Phoenix Suns team owner Robert Sarver suspended for 1 year, fined $10M after NBA investigation

Duane Rankin
Arizona Republic

Robert Sarver, majority owner of the Phoenix Suns and Phoenix Mercury, has been suspended for one year from any activities involving both teams and fined $10 million for ''workplace misconduct and organizational deficiencies'' found during an NBA investigation.

The league on Tuesday announced the results of a 10-month investigation into allegations made against him by numerous people who had worked for the Suns organization. The league also will require Sarver to complete a workplace training program.

The NBA launched its investigation last November in reaction to an ESPN report of allegations of racism and misogyny against Sarver, claiming he created a "toxic" work environment within the organization during his run as owner, which began when he bought the franchise in 2004.

A total of 320 individuals, including current and former employees who worked for the teams during Sarver’s 18-year tenure, and "other relevant individuals" were interviewed as part of the investigation, the NBA announced.

In addition, more than 80,000 documents and other materials, including emails, text messages and videos were reviewed.

“The statements and conduct described in the findings of the independent investigation are troubling and disappointing,” said NBA Commissioner Adam Silver in an NBA statement. “We believe the outcome is the right one, taking into account all the facts, circumstances and context brought to light by the comprehensive investigation of this 18-year period and our commitment to upholding proper standards in NBA workplaces."

Sarver denied the allegations from the start of the investigation and said he welcomed the league looking into the matter. He issued as statement on Tuesday afternoon after the NBA announced its decision.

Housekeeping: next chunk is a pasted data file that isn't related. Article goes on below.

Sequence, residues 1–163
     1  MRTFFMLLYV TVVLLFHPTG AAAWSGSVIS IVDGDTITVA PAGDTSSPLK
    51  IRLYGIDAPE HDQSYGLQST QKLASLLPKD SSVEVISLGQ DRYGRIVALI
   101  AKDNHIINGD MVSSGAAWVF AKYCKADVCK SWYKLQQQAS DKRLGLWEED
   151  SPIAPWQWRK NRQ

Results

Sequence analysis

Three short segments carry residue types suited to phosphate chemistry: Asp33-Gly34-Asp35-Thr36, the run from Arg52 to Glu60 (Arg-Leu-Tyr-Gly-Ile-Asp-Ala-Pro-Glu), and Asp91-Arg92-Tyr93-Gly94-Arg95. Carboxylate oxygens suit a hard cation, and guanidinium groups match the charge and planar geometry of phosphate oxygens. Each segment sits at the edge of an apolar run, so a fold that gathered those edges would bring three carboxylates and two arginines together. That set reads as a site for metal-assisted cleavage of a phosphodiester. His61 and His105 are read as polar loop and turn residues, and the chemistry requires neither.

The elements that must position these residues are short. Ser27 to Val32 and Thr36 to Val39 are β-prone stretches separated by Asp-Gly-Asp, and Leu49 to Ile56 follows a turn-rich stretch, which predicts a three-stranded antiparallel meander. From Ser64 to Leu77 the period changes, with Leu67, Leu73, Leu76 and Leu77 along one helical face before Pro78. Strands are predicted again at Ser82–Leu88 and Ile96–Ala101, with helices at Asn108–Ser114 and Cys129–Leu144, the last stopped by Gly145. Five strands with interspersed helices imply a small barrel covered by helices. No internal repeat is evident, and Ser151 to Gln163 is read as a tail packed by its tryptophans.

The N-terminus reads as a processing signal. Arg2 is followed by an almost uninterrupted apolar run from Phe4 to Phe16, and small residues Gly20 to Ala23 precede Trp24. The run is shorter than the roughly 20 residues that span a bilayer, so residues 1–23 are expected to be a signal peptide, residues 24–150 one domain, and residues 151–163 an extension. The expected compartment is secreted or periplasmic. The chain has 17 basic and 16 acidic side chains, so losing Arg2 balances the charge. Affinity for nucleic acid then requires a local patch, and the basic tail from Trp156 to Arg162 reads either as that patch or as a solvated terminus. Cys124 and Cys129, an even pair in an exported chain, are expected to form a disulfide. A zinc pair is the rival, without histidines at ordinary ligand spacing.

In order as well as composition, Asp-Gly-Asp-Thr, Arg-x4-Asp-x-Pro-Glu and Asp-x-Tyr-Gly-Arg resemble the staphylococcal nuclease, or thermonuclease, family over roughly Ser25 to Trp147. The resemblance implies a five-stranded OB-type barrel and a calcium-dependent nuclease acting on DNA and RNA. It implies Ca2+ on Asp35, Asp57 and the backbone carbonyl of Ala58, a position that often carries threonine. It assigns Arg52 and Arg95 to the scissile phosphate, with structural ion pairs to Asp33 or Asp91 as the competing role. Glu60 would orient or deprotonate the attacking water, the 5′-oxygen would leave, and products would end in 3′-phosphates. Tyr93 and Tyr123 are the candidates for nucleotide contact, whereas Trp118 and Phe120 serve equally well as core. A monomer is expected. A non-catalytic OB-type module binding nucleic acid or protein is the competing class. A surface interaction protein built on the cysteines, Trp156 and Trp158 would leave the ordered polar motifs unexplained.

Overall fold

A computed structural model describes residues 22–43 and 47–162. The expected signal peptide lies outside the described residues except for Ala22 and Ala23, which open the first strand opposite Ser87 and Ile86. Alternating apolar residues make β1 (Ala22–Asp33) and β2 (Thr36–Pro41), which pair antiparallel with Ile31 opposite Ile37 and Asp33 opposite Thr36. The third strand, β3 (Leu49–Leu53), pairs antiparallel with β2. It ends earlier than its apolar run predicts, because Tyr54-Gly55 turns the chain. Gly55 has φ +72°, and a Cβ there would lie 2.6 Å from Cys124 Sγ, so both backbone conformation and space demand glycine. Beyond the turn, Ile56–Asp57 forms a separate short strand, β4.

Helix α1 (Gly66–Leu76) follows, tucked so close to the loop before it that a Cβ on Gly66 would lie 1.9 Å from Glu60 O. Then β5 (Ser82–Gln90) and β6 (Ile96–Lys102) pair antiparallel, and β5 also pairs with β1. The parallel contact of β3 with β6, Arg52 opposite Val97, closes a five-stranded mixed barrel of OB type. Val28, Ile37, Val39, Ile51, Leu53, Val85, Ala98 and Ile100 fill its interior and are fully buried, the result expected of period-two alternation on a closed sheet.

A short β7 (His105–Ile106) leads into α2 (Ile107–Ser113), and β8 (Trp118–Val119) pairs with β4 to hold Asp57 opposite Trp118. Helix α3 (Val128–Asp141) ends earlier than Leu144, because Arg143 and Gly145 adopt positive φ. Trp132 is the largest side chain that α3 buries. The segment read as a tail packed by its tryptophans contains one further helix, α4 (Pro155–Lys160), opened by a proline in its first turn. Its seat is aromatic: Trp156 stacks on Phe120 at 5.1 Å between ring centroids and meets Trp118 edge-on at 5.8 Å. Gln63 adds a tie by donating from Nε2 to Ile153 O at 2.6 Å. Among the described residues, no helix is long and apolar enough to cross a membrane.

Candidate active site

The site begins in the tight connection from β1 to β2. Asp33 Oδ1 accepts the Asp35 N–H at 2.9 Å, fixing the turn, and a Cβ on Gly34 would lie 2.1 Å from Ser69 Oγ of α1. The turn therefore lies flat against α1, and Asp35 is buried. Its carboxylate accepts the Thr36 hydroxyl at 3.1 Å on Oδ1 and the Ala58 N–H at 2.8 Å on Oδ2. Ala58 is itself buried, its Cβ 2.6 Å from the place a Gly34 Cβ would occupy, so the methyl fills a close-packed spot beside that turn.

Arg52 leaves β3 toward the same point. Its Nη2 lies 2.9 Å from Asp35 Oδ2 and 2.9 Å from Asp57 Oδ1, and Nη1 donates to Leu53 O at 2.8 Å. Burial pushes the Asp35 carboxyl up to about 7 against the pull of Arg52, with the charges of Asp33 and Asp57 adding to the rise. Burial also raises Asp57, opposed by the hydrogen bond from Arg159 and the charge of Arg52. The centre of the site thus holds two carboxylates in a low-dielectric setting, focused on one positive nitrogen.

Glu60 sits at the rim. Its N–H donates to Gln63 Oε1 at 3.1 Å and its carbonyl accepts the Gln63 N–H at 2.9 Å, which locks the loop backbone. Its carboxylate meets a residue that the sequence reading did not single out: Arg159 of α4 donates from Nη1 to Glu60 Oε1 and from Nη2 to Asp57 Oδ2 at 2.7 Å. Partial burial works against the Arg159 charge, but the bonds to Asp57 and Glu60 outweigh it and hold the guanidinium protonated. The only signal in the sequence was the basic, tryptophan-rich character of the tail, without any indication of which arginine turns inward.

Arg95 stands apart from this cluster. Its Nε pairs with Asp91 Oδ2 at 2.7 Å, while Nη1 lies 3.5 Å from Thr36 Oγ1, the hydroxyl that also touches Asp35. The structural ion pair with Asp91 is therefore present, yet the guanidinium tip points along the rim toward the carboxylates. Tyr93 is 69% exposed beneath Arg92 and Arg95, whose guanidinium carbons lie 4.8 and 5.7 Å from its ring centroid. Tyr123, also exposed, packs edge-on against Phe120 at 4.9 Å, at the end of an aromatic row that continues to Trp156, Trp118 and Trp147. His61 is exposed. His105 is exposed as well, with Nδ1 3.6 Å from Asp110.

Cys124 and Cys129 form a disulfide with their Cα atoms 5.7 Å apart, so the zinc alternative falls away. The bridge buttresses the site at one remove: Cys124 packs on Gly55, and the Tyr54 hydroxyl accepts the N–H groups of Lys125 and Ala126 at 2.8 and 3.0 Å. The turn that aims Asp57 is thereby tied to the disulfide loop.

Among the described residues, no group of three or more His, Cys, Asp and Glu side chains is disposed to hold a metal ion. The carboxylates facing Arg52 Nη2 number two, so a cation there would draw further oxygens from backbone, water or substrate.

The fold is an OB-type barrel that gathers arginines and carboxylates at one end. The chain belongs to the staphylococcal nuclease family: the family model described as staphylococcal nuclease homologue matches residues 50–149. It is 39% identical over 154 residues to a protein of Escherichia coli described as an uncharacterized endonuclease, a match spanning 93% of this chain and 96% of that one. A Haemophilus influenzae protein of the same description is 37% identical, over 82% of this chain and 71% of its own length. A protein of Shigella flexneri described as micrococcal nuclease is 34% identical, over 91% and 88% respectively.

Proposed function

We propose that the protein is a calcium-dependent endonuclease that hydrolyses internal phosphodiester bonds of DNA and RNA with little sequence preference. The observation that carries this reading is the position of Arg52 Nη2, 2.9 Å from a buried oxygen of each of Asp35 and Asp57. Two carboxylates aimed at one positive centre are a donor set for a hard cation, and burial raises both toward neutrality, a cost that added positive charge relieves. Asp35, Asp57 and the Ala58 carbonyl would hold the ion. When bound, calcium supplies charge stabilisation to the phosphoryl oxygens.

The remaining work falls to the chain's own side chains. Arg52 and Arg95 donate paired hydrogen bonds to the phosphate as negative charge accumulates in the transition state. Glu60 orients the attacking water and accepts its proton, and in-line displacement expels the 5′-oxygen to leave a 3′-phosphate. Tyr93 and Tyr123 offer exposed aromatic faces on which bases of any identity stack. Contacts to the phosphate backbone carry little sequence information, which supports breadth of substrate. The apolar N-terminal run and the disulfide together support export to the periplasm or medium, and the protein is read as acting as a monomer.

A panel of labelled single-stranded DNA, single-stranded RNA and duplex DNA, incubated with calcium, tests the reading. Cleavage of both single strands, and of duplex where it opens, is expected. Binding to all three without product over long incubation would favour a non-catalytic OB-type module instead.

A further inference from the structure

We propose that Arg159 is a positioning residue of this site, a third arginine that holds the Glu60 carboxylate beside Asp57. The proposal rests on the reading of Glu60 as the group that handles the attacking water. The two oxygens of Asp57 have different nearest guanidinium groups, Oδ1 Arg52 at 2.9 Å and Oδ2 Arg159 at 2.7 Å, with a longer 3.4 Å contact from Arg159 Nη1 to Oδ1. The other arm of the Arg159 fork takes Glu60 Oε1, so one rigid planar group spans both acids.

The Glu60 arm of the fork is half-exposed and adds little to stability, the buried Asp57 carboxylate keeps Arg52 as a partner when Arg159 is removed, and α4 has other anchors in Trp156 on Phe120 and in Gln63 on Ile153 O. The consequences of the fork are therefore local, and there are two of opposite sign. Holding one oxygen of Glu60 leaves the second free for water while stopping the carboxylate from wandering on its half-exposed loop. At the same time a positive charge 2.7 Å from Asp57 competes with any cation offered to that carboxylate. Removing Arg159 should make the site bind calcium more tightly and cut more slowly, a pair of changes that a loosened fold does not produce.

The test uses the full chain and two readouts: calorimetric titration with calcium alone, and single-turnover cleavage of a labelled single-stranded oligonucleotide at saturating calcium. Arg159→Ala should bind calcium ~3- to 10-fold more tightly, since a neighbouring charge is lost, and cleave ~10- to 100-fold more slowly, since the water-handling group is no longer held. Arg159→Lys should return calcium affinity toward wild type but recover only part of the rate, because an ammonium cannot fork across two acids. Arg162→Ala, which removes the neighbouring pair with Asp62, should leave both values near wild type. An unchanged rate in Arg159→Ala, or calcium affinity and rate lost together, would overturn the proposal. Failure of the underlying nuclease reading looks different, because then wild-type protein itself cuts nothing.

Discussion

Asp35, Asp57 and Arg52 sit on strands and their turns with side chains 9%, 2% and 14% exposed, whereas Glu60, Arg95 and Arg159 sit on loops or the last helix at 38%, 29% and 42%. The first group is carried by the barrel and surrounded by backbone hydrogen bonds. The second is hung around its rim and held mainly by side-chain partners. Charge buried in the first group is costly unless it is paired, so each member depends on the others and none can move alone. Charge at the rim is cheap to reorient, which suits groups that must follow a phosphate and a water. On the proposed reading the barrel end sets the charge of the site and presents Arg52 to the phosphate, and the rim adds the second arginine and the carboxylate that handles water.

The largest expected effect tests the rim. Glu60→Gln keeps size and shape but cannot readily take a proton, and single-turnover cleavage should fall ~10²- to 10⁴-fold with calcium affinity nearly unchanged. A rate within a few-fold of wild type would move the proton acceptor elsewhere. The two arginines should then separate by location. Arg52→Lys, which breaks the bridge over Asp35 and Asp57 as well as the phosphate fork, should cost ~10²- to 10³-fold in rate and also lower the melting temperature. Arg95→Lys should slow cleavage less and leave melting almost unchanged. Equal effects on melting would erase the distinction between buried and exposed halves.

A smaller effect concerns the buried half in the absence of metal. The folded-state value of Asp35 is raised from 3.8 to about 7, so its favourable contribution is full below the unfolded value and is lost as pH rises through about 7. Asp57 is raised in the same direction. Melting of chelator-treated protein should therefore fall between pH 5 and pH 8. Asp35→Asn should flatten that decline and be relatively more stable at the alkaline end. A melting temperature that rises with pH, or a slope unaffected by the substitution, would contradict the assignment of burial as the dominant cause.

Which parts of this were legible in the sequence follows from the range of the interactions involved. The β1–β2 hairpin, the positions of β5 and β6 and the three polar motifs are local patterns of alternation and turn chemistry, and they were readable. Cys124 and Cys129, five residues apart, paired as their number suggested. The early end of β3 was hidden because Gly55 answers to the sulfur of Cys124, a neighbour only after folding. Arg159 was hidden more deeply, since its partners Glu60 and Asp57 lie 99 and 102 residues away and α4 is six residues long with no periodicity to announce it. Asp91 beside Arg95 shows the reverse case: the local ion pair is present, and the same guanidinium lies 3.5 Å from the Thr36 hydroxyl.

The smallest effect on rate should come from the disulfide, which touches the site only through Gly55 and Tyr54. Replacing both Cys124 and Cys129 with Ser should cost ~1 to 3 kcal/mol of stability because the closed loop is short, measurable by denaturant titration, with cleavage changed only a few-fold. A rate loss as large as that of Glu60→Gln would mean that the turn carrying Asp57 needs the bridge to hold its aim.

"Good leadership requires accountability," said Sarver in the statement, released by the Suns. "For the Suns and Mercury organizations, that begins with me.  While I disagree with some of the particulars of the NBA’s report, I would like to apologize for my words and actions that offended our employees.  I take full responsibility for what I have done.  I am sorry for causing this pain, and these errors in judgment are not consistent with my personal philosophy or my values."

Suns owner Robert Sarver applauds a play by the Suns against the Utah Jazz at the Footprint Center on Monday, Jan. 24, 2022.

MORE: Sarver punishment draws widespread criticism

Sarver, along with the Suns and Mercury "cooperated fully with the investigative process," the NBA announced. 

As for the fine, $10 million is the maximum "permitted" by the NBA Constitution & By-Laws. The league will donate these funds to organizations "committed to addressing race and gender-based issues in and outside the workplace."

The 60-year-old Sarver purchased the Suns in 2004 for a then-record $401 million. According to Forbes, the team was worth $1.8 billion as of October 2021. 

What the NBA investigation of Suns owner found

Wachtell, Lipton, Rosen & Katz law firm headed the Sarver investigation.

The NBA statement said the firm's investigation concluded that Sarver “engaged in conduct that clearly violated common workplace standards, as reflected in team and league rules and policies.  This conduct included the use of racially insensitive language; unequal treatment of female employees; sex-related statements and conduct; and harsh treatment of employees that on occasion constituted bullying.”

Phoenix Suns owner Robert Sarver claps as Phoenix Mercury guard Diana Taurasi is introduced during the second quarter of the Western Conference first round playoff series between the Phoenix Suns and the Los Angeles Lakers in Phoenix June 1, 2021.

Among the key findings in the independent investigation:

• Sarver, on at least five occasions during his tenure with the Suns/Mercury organization, repeated the N-word when recounting the statements of others.

• Sarver engaged in instances of inequitable conduct toward female employees, made many sex-related comments in the workplace, made inappropriate comments about the physical appearance of female employees and other women, and on several occasions engaged in inappropriate physical conduct toward male employees.

• Sarver engaged in demeaning and harsh treatment of employees, including by yelling and cursing at them.

"He recognizes that at times during his 18 years of ownership, his conduct did not reflect his, or the Suns’ values, and was inconsistent with the advancements the management team has taken with Robert’s full support," said Suns Legacy Partners, LLC, in a statement released Tuesday afternoon. The LLC is the ownership group led by majority owner Sarver that operates the Suns, Mercury and Footprint Center.

"We are proud of the progress we’ve already made, and moving forward, our organization will continue to build a best-in-class workplace."

Suns' owner Robert Sarver with his son Jack and wife Penny Sanders at Talking Stick Resort Arena on November 12, 2016 in Phoenix.

Back in November, Sarver said he never used the N-word.